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February 11, 2007

Microsoft formally unveils Windows Mobile 6

Posted by David Hunter at 8:02 PM ET.

It’s a bit anticlimactic since Microsoft had to unveil Windows Mobile 6 (codenamed Crossbow) last week due to a French press leak, but now as originally planned, Microsoft Reveals New Windows Mobile 6 Smartphone Software:

BARCELONA, Spain — Feb. 12, 2007 — Microsoft Corp. today unveiled Windows Mobile® 6, the newest version of its mobile software platform. By improving usability and adding support for Microsoft® Office features previously available only on PCs, Microsoft Windows Mobile 6 delivers to the small screen a familiar and rich experience that meets the needs of work and life while on the go, all with a single device.

More details by following the link including

Windows Mobile 6 comes fresh on the heels of a successful year that saw Microsoft’s worldwide converged mobile device shipments grow 135.3 percent (year over year) in 2006, according to leading IT market research and advisory firm IDC. The industry is fast taking notice of Microsoft in the wireless arena and realizing the business benefits of Windows Mobile devices, resulting in IDC’s expectation that Windows Mobile will experience the largest growth of any mobile operating system worldwide, at 75.6 percent, through the year 2010.

Some perspective from Dan Frommer at Forbes:

Unlike Windows’ dominance in personal computing, Microsoft’s U.S. cellphone market share isn’t much–about 1% in November 2006, according to research firm M:Metrics. But that represents 2 million people, and it’s more than double its share two years ago. Last fall, it passed rival Palm OS in the U.S.

Worldwide, Microsoft sold 9 million Windows Mobile licenses last year, on devices from 47 different manufacturers and 115 mobile operators in 55 countries. Last quarter, the company sold 3 million licenses, up more than 90% from a year ago.

And the market is growing: In 2007, people will buy more than a billion cellphones worldwide, according to Yankee Group, with smartphones accounting for more than 113 million, or 11% of all phones sold. In 2010, Yankee Group projects smartphone sales to top 243 million, or 20% of all phone sales.

Microsoft doesn’t sell its own phones–yet–but handset companies like Motorola and HTC pay the company a license fee for each Windows Mobile phone they make.

Well they do now, but the rumored Zune Phone changes all the bets.



Filed under 3GSM07, Argo, Conferences, Microsoft, Windows Mobile, Windows Mobile 6, Zune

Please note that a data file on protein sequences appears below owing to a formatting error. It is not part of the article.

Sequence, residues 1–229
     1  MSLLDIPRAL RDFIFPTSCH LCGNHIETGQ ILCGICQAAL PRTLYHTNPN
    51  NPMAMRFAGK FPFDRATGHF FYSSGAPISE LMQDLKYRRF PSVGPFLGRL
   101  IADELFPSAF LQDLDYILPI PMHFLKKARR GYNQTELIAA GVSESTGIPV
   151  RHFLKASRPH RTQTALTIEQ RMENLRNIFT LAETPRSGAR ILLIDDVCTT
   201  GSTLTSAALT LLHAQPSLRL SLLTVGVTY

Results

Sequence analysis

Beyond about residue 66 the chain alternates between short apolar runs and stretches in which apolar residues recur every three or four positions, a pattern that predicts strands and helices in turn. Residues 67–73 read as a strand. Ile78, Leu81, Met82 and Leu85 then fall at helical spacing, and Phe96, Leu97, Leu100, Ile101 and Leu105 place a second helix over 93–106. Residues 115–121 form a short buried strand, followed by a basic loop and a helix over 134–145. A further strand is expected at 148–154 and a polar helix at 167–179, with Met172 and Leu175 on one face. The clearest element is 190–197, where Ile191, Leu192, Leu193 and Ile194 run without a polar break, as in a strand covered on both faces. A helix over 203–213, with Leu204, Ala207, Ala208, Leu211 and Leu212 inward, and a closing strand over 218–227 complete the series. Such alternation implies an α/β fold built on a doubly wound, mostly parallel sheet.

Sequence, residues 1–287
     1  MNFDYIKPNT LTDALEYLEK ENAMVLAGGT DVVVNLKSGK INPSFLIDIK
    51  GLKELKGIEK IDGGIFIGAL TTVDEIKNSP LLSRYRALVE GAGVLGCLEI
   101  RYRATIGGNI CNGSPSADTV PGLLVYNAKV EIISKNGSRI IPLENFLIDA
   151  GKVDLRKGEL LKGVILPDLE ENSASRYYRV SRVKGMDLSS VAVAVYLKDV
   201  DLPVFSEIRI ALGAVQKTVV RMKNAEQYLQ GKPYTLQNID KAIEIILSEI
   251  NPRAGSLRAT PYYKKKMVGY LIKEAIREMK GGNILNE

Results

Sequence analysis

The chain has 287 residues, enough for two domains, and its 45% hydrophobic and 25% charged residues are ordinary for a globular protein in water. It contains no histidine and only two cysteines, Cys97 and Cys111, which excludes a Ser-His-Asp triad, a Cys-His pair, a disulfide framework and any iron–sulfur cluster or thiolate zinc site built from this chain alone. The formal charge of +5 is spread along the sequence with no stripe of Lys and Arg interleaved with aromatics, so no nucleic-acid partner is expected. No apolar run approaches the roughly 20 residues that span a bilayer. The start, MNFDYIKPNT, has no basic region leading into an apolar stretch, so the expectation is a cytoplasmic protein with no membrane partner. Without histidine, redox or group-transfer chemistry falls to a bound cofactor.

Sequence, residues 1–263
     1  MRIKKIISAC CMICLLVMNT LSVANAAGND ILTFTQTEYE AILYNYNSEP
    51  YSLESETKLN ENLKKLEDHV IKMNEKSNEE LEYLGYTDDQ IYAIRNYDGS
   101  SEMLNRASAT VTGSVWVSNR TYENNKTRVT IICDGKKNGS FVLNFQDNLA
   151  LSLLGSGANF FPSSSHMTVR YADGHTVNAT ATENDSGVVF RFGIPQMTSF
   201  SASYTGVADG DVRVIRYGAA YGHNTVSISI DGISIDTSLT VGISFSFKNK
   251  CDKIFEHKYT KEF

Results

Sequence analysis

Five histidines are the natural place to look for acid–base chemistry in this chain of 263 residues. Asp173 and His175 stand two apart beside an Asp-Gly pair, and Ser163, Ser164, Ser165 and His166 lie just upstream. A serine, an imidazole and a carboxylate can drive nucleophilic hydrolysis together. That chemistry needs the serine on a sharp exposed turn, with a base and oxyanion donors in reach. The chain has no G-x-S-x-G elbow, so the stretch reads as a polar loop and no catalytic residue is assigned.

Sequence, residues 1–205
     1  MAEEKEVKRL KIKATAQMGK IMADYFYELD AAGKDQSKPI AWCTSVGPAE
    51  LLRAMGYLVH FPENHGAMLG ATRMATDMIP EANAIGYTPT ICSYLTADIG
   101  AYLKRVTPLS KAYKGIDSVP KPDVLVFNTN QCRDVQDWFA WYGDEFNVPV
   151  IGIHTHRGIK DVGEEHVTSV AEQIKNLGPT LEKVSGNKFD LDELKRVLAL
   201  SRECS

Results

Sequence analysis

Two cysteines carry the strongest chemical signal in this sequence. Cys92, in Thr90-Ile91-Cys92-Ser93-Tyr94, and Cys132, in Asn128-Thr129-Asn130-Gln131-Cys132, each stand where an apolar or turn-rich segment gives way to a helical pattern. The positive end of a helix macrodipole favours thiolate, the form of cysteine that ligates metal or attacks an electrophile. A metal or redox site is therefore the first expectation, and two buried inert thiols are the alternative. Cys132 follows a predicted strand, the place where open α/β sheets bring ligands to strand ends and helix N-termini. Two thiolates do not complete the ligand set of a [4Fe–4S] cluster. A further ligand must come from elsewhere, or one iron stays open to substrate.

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2 Responses to “Microsoft formally unveils Windows Mobile 6”

  1. Microsoft announces PlayReady mobile DRM technology -- Microsoft News Tracker Says:

    [...] Today at the appeared yesterday Microsoft solidified their credentials as a Digital Rights Management provider for downloadable media with the announcement at 3GSM07 of Microsoft PlayReady for mobile devices which they claim is a “Breakthrough Technology Enabling Simple Access to Broad Set of Digital Content, Including Music, Games, Video, Ring Tones and Pictures”: Today at 3GSM World Congress 2007, Microsoft Corp. announced Microsoft PlayReady™ technology, a new multimedia content access technology optimized to meet the needs of mobile operators and handset manufacturers for digital entertainment and commerce. Supporting multiple content types, and flexible rights, Microsoft PlayReady enables operators to provide a range of new services tailored toward growing consumer interest in mobile digital media. Leading mobile operators worldwide, including Telefónica, O2, Verizon Wireless, Bouygues Telecom, and Cingular Wireless, now the new AT&T, are today indicating plans to implement Microsoft PlayReady technology. [...]

  2. iDay for the iPhone -- Microsoft News Tracker Says:

    [...] As disturbing as this is for the current US mobile phone carriers, no one expects the Apple and AT&T combination to dominate the industry like the iPod dominates MP3 players. In the first place, the iPhone is a pricey single carrier smart phone when smart phones are little more than 10% of the market. Second, its credentials for business use (which is a large part of the smart phone market) are a trifle suspect or at least unproven and Gartner isn’t sure that Apple will ever support the corporate market. [...]

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